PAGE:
HERE’S a big budget release with a title that seriously undersells itself – John Carter.
What’s that about? Fans of TV medical drama ER might think it’s a big screen spin off for the goody-goody doctor of that name who featured so prominently in that ensemble epic, but not so.
John Carter, for those of you who have not come across him before, is a character created by Edgar Rice Burroughs, best known for conjuring up Tarzan from his fertile imagination.
ERB’s canon has been plundered by film-makers over the years – as well as Tarzan, he’s the man who pumped out pulp like At The Earth’s Core and Land That Time Forgot at a rate of knots during a prolific career.
But although his biggest hit was the jungle gymnast, his first published work was unashamed science fiction, and his Barsoom series, set on a fantasy version of Mars, began in the same year Tarzan first saw the light of day, 1912
John Carter of Mars was the last of a lengthy series, and was written by ERB’s son John Coleman Burroughs and apparently given a bit of a polish by the old man, though it wasn’t published until long after he died.
All clear so far? Well, John Carter is one of those movie projects that has taken an eternity to reach the big screen, and the number of big names attached to the project at one time or another would stretch from here to Mars.
The finished version is helmed by Andrew Stanton, best known for his work with the Pixar people in WALL:E and Finding Nemo, and taking the lead role is Taylor Kitsch, a star of TV’s Friday Night Lights. You’ll also find Lynn Collins, who starred with Kitch in the X-Men Wolverine spin-off, and Samantha Morton in the cast, as well as Brit thesps Mark Strong, Ciaran Hinds, Dominic West adding a bit of gravitas to what is essentially a pile of nonsense dressed up with special effects.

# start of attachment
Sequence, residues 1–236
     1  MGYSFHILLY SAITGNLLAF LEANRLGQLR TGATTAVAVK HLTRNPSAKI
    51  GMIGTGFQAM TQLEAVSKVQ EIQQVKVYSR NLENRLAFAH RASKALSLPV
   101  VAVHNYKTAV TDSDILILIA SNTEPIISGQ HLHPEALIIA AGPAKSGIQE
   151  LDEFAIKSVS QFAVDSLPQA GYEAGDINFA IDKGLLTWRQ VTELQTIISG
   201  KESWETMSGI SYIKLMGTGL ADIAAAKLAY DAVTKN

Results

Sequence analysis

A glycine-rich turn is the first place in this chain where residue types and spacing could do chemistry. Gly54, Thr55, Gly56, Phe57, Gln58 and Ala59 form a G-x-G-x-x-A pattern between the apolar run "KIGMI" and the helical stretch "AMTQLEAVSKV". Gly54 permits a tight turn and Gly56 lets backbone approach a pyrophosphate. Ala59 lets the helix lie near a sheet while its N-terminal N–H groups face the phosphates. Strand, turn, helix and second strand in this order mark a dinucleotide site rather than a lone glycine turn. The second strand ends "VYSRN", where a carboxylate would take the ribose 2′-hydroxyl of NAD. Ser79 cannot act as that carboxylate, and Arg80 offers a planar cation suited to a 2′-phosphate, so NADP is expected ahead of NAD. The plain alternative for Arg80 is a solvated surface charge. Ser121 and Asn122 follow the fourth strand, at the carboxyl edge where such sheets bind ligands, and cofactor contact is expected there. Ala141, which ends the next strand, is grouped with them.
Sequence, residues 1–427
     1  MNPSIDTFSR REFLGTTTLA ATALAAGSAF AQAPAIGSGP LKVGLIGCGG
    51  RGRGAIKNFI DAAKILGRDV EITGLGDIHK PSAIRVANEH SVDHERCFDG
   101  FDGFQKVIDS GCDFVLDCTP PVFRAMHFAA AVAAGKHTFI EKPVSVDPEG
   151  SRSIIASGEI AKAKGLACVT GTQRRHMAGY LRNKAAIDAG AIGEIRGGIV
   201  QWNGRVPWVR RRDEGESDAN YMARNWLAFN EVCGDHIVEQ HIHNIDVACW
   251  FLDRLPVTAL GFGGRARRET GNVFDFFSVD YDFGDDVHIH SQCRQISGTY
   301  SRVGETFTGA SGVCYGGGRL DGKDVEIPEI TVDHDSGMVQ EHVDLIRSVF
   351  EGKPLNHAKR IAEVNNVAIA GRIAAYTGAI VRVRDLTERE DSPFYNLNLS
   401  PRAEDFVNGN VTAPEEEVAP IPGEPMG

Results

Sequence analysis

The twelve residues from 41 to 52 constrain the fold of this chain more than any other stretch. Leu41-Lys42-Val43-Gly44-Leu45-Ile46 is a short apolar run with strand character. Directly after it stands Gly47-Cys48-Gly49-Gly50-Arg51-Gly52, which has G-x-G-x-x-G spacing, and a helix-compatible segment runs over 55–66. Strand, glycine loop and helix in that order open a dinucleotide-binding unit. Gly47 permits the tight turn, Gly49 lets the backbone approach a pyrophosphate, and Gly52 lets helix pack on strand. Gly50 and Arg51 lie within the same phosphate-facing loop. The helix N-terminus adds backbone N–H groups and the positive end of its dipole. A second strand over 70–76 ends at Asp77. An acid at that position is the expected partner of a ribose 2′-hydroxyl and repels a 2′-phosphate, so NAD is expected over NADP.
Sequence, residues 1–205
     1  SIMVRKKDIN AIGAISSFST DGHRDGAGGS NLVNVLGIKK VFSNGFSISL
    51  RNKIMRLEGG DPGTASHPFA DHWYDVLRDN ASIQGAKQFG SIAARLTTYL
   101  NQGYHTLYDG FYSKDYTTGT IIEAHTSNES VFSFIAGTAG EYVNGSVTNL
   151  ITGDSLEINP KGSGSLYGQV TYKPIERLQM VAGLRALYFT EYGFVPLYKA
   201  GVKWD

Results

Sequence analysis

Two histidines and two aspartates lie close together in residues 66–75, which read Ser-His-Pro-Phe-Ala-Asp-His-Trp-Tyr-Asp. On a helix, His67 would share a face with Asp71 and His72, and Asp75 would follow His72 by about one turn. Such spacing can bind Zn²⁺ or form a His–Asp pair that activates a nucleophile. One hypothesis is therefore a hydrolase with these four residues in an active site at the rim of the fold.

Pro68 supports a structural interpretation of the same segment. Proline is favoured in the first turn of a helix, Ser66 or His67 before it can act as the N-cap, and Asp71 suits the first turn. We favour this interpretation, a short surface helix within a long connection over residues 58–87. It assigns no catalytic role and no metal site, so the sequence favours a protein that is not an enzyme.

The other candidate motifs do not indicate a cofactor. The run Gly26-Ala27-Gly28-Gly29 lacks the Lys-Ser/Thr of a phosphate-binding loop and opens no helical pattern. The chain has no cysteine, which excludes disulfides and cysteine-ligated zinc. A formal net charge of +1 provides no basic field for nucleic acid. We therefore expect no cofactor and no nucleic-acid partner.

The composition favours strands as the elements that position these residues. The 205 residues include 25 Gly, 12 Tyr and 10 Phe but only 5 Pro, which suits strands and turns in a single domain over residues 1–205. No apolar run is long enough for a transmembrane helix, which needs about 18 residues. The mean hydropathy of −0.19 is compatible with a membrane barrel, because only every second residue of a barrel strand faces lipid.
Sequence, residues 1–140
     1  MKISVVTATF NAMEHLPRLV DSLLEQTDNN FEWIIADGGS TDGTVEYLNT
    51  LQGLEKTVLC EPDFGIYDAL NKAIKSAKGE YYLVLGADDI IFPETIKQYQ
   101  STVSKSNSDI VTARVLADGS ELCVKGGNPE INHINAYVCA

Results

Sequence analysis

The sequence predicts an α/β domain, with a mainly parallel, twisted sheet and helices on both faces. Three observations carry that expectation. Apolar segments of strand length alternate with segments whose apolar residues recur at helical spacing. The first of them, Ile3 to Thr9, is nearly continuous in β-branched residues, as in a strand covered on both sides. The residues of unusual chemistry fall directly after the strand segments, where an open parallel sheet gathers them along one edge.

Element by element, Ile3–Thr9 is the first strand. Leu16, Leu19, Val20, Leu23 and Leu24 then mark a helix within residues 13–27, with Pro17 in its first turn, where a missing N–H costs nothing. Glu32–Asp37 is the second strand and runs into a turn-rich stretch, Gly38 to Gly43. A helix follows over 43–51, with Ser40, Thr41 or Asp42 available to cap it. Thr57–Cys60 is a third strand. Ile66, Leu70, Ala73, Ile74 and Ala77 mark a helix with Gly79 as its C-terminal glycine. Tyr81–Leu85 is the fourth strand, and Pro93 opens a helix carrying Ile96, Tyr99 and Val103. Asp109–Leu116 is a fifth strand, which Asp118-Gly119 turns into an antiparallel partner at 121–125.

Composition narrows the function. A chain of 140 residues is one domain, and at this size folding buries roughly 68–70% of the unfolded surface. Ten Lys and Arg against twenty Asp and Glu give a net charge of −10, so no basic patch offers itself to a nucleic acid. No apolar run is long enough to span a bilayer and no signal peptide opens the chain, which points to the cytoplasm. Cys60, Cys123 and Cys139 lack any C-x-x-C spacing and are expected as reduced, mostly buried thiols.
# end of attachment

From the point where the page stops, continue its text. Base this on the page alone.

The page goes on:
John Carter is a war-weary Americna Civil War warrior who somehow gets transported to Mars, where he finds himself at the heart of another conflict threatening to crack a civilisation asunder.
It’s taken 100 years for the character to make it off the page and into the cinema, but if enough people lap up this 3D adventure, which runs for more than two hours, you can bet there will be more where that came from.
> This week’s only other release of note also features a hot young hunk, but it’s very different in tone.
Robert Pattinson follows the ‘I’m going to do a classic to prove I’m serious after my early smash hits’ path recently trodden by Daniel Radcliffe by taking the lead role in Bel Ami.
It’s the tale of a soldier who seduces his way through Parisian high society, and also based on a book – in this case a distinctly more highbrow work by short story master Guy du Maupassant.
Helping things along are the likes of Kristin Scott Thomas, Uma Thurman and Christina Ricci, but the only reason the project got a green light was the bankable nature of the Twilight star, who hasn’t yet got the range to stand tall in such company.